Over the past month, I’ve had the unfortunate experience of discovering what bedbugs are like. These little bugs hide near your mattress and come out at night to suck your blood. They look a little like ticks (but they aren’t closely related to ticks at all). They have a hypodermic-needle like proboscis, and when they suck your blood, they inject their saliva into your body. Their saliva contains both anticoagulants (to keep your blood flowing) and anesthetics (so you don’t realize you’re being bitten). Within a few hours, those bites develop into itchy red welts. You want to scratch at them so badly, but if you do, they become even more itchy. Those bites persist for around a week. To make matters worse, the bedbugs tend to bite, move a few inches, and then repeat. So, you end up with three or four bites in one night from a single bedbug. And, if the bites weren’t bad enough, you have this anxiety about falling asleep, and think that any tiny movement on your skin might be a bedbug. Even on nights where I wasn’t bitten at all, I’d wake up tired because I would wake-up during the night and have trouble falling back to sleep for fear of getting new painful bites. And, because the itchy bites persist for around a week, I sometimes wake myself up at night while I scratch old bites.
Once you have a breeding pair of bedbugs, they multiply like rabbits – essentially, turning your own blood into painful parasites who feed on you. They’ve also been evolving a resistance to pesticides, and can survive (dormant) for 18 months without feeding.
They are evil, vile little creatures.
Fortunately, I might have only a single bedbug. I caught one a few days ago, and the bite patterns seem to indicate that I only had a single bedbug. It’s amazing how much pain and sleeplessness a single bedbug can inflict. I feel really bad for anyone who has a bedbug infestation. I can’t imagine how awful it would be to have a colony of them. (Coincidentally enough, a few weeks ago, This American Life had a segment where they talked to a woman who has an infestation of bedbugs. She’s too poor to move away, and too poor to actually do anything about it. An mp3 is available here.)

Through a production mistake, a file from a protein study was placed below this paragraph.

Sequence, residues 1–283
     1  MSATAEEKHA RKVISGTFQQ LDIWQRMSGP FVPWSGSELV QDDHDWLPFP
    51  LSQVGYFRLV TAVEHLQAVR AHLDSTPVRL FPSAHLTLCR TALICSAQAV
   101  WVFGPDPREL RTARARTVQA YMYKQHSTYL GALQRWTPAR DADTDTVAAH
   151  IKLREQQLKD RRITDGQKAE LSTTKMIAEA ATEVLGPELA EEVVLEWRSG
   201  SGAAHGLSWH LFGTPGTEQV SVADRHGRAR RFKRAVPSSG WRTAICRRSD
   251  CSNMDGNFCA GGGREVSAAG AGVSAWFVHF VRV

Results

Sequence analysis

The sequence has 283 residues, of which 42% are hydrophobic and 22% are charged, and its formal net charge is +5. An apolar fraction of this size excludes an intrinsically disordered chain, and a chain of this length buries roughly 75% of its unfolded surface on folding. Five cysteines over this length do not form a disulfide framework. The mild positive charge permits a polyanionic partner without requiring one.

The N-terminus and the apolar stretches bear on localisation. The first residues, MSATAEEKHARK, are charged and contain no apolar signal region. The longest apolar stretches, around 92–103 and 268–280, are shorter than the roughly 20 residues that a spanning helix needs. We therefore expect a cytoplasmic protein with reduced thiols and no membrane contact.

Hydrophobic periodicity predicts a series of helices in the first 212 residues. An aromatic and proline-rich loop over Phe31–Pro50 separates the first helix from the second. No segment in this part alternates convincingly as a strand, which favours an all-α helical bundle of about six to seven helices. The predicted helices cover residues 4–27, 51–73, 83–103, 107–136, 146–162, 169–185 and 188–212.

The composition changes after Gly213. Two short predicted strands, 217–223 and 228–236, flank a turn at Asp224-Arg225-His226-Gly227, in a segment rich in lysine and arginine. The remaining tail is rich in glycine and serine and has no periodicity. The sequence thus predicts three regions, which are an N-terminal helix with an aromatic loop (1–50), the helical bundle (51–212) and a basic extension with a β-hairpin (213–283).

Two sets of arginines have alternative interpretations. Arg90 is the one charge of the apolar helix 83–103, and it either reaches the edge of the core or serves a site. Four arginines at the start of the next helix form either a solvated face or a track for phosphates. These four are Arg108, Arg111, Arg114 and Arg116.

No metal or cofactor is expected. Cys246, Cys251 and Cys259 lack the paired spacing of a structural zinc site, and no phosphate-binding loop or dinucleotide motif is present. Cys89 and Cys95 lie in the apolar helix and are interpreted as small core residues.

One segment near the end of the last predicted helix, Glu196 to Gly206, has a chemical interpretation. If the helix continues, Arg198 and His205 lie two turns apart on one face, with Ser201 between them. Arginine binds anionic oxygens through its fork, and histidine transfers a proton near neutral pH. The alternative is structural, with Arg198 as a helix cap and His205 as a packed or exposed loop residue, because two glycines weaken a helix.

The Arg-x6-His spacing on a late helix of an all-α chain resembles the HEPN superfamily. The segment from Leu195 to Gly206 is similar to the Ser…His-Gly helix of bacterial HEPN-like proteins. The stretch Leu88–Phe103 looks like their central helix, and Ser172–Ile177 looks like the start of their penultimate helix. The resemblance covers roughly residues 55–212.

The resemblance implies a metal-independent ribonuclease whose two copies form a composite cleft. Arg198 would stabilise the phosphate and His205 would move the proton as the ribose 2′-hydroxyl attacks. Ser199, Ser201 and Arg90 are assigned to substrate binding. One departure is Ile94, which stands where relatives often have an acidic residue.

There are a lot of things about the world that indicate that earth is not the product of a benevolent, loving creator. And this is one of them. Personally, I think anyone who believes the ‘loving god’ hypothesis is practicing selective vision. And the characteristics of bedbugs (including anticoagulants and anesthetics) would – according to Intelligent Design advocates – require the intentional creation of a ‘designer’ – aka the loving, benevolent God of the Bible. The bug’s method of reproduction – “traumatic insemination” – which involves the male punching a hole in the carapace of the female, causing severe trauma while inseminating her – sound like something a demon would invent. But, hey, what do I know? Behe already admitted that malaria was invented by God, so why not this? If Intelligent Design was the correct explanation for life, then I think the Christians, Jews, and Muslims will have to admit that the God in their holy books isn’t the one who actually exists.
I’ve attached a picture of the bedbug I caught. It’s about a half a centimeter long, and still alive inside a plastic bag. I’m keeping it for the exterminator, but really hate the vile creature. The picture in the upper right shows a bedbug in approximate ‘real life’ size.
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